Both CSS-Tricks.com and FourKitchens.com use WordPress unĀ­der the hood.

They are a great exĀ­amĀ­ple of how the deĀ­ciĀ­sion to use an esĀ­tabĀ­lished frameĀ­work lends itĀ­self to good pracĀ­tices — withĀ­out the reĀ­quireĀ­ment of an exĀ­tenĀ­sive amount of efĀ­fort or knowlĀ­edge from its users.

Case in point, take the folĀ­lowĀ­ing two enĀ­tries from my Miniflux feed reader (which I self host):

An entry on Miniflux by Four Kitchens showing its title, author, time published, time required to read in minutes, and finally, actions a user can take such as: read, star, original, comments.

An entry on Miniflux by CSS Tricks showing its title, author, time published, time required to read in minutes, and finally, actions a user can take such as: read, star, original, comments.

You will noĀ­tice it has a ā€˜Commentsā€™ link. Let me make a bold claim: pretty much 9 out of 10 of my feeds donā€™t carry this, even when they ofĀ­fer comĀ­ments.

To figĀ­ure out how I could add this for my arĀ­tiĀ­cles too, I looked at Four Kitchenā€™s RSS feed and found a comments tag with a value that would link to the comĀ­ments secĀ­tion on the page.

Quite simĀ­ple, I thought.

Hereā€™s what I did next:

  1. Added an id of respond to my arĀ­tiĀ­cle layĀ­out where the comĀ­ments secĀ­tion starts.
  2. Updated my all-conĀ­tent and arĀ­tiĀ­cle feeds to add a comments tag where the post type is an arĀ­tiĀ­cle — with a value of that postā€™s permaĀ­link apĀ­pended with #respond (internal page link).
  3. Bonus: imĀ­pleĀ­mented naĀ­tive browser smooth scroll by adding scroll-behaviour: smooth; to the body style block in my stylesheet.

Then I tested it, andā€¦ no luck! šŸ˜¢

Moving from Atom to RSS 2.0

Turns out, the core Atom specĀ­iĀ­fiĀ­caĀ­tion doesĀ­nā€™t have anyĀ­thing that reĀ­semĀ­bles what is the comments tag in the RSS 2.0 spec.

The fool that I am, I beĀ­gan the process to move from Atom to RSS 2.0 beĀ­cause I reĀ­ally like silly stuff like that, and I also like to kill my time with stuĀ­pid stuff when I could be livĀ­ing the ā€œrealā€ life.

Because my feeds setup is not yet DRY, it took me over 2 hours to careĀ­fully piece everyĀ­thing toĀ­gether for all seven of my feeds.

In this process, I learned a lot about how to write an Atom feed vs how to write an RSS 2.0 feed. Despite the time spent, the efĀ­fort was well worth it and a very edĀ­uĀ­caĀ­tional jourĀ­ney.

Now the ā€˜Commentsā€™ link shows for my arĀ­tiĀ­cles and is an added inĀ­cenĀ­tive for a reader to drop by and say hello — quickly.

A screnshot from my Miniflux app which now shows an article from my feed carrying the Comments link

Hereā€™s some thoughts on this tranĀ­siĀ­tion, genĀ­erĀ­ally inĀ­cludĀ­ing data that wasĀ­nā€™t preĀ­sent beĀ­fore in the old Atom feeds (but not necĀ­esĀ­sarĀ­ily):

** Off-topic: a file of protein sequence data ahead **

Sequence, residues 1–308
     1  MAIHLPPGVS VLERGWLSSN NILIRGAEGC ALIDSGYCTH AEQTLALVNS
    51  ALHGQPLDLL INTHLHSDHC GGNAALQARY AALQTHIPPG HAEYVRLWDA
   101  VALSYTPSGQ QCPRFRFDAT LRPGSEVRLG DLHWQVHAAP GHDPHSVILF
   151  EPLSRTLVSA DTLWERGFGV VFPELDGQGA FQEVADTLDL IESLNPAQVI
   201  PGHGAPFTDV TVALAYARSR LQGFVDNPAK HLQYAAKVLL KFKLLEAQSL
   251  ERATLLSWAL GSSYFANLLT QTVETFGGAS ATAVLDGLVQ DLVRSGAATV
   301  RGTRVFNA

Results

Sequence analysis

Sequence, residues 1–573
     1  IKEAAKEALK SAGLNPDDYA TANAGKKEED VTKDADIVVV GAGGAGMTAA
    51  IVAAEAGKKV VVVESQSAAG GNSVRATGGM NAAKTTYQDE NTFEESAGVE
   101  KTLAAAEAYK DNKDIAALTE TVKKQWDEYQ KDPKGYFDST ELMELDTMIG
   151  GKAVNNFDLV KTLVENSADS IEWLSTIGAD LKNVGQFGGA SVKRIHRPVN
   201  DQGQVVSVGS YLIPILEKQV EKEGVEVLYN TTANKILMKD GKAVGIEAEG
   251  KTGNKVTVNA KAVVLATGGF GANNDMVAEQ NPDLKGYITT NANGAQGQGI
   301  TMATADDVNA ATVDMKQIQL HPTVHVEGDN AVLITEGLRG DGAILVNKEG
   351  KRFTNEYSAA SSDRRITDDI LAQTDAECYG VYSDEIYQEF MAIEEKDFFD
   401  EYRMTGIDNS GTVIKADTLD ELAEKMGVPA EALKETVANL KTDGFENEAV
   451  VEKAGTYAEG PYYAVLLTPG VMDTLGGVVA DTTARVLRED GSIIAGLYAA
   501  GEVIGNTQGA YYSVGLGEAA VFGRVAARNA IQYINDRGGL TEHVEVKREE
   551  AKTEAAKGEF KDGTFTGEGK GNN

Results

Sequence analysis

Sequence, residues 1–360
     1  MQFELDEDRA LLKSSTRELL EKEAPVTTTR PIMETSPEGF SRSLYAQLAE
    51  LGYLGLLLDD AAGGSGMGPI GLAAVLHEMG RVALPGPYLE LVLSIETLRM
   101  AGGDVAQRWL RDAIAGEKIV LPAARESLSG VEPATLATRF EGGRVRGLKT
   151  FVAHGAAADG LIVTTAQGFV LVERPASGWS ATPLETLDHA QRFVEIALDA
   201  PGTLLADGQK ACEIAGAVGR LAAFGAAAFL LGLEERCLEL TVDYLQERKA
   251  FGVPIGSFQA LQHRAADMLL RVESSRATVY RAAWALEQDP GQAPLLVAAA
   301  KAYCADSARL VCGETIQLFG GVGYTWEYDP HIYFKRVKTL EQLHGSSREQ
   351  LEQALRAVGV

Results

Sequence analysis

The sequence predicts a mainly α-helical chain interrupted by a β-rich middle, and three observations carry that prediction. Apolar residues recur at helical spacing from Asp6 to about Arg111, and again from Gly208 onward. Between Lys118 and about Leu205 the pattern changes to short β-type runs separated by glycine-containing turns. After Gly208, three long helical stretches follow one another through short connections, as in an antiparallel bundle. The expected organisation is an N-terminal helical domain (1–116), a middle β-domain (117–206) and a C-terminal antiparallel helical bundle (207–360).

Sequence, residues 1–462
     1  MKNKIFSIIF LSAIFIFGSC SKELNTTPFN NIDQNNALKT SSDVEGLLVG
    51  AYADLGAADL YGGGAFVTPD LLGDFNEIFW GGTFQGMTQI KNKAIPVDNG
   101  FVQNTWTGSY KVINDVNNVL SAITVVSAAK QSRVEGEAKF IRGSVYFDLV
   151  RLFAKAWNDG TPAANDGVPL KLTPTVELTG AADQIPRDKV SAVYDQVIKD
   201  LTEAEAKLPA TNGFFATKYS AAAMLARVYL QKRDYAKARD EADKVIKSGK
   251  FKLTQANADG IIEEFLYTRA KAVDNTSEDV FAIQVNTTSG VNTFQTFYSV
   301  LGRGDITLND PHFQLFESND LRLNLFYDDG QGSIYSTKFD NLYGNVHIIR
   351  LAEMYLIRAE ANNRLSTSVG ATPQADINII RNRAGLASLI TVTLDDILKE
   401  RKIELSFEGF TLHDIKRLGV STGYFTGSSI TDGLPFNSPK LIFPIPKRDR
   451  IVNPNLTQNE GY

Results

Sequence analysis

Description

I added a description tag to items so if I have set a meta deĀ­scripĀ­tion for any post (article or othĀ­erĀ­wise), RSS readĀ­ers can pick that up as an auĀ­thorĀ­iĀ­taĀ­tive preĀ­view of the post inĀ­stead of genĀ­erĀ­atĀ­ing a post sumĀ­mary from its conĀ­tent, then cutĀ­ting it short and makĀ­ing for a fussy exĀ­peĀ­riĀ­ence for the end-user.

Categories

Iā€™m not sure what adding a bunch of category tags does in an RSS feed. It doesĀ­nā€™t seem to make any visĀ­iĀ­ble difĀ­ferĀ­ence on Miniflux in my baĀ­sic testĀ­ing.

Do you know what purĀ­pose it serves? Please let me know in the comĀ­ments.

Last Build Date and Publish Date

RSS 2.0 also ofĀ­fers lastBuildDate and pubDate tags.

These are simĀ­iĀ­lar to Atomā€™s atom:updated tag.

lastBuildDate and atom:updated apĀ­pear to me to be slightly difĀ­ferĀ­ent in meanĀ­ing based on their laĀ­bels and deĀ­scripĀ­tions, but there are arĀ­guĀ­ments that theyā€™re the same. Or difĀ­ferĀ­ent. Or same. Who knows? See disĀ­cusĀ­sion on StackOverflow. I like the anĀ­swer by Chris Pratt.

At the chanĀ­nel level, his exĀ­plaĀ­naĀ­tion is what Iā€™m goĀ­ing with. pubDate may repĀ­reĀ­sent eiĀ­ther the date-time the last post was pubĀ­lished or modĀ­iĀ­fied. lastBuildDate refers to the date-time the feed was last creĀ­ated and made availĀ­able onĀ­line.

I still have conĀ­fuĀ­sion around whether the pubDate at the item level should upĀ­date if the arĀ­tiĀ­cle is upĀ­dated.

Still, at the item level, I have deĀ­cided I am goĀ­ing to use pubDate and set it to the post modĀ­iĀ­fied date if availĀ­able, falling back on the origĀ­iĀ­nal post pubĀ­lish date — simĀ­iĀ­lar to what Iā€™m doĀ­ing at the chanĀ­nel level with this tag.

Managing Editor and Web Master

RSS 2.0 also ofĀ­fers a couĀ­ple of inĀ­terĀ­estĀ­ing opĀ­tional propĀ­erĀ­ties on the channel elĀ­eĀ­ments: managingEditor and webMaster.

Miniflux apĀ­pears to use this info on the post page:

A screenshot from my Miniflux app showing the post entry page with the post title, action buttons such as: Read, Comments, Fetch Original Content, etc. It includes an additional data item now: the author's information.

You can obĀ­serve that my email and name are clearly disĀ­played for anyĀ­one to conĀ­tact me diĀ­rectly if they have any conĀ­cerns. This was not so in my Atom feed deĀ­spite specĀ­iĀ­fyĀ­ing the auĀ­thor inĀ­forĀ­maĀ­tion.

Date forĀ­mats

While my Atom feed was happy with ISO8601 dates, the W3C feed valĀ­idaĀ­tor was not happy with this when I moved to RSS.

Turns out RSS needs an RFC822 date.

I use the date-fns liĀ­brary and unĀ­forĀ­tuĀ­nately it does not ofĀ­fer a forĀ­mat funcĀ­tion for this spec. However, it did ofĀ­fer RFC7231 and RFC3339. A curĀ­sory look at both and it seemed to me RFC7231 might work. Which it did, and now all my feeds pass W3C valĀ­iĀ­daĀ­tion.


Thatā€™s all folks.

Iā€™m now an (almost) happy RSS 2.0 camper. šŸ˜Š

I was told Atom is the ā€œsuperiorā€ stanĀ­dard — which it may well be — but I find RSS 2.0 more suitĀ­able for my goals. So, here we are.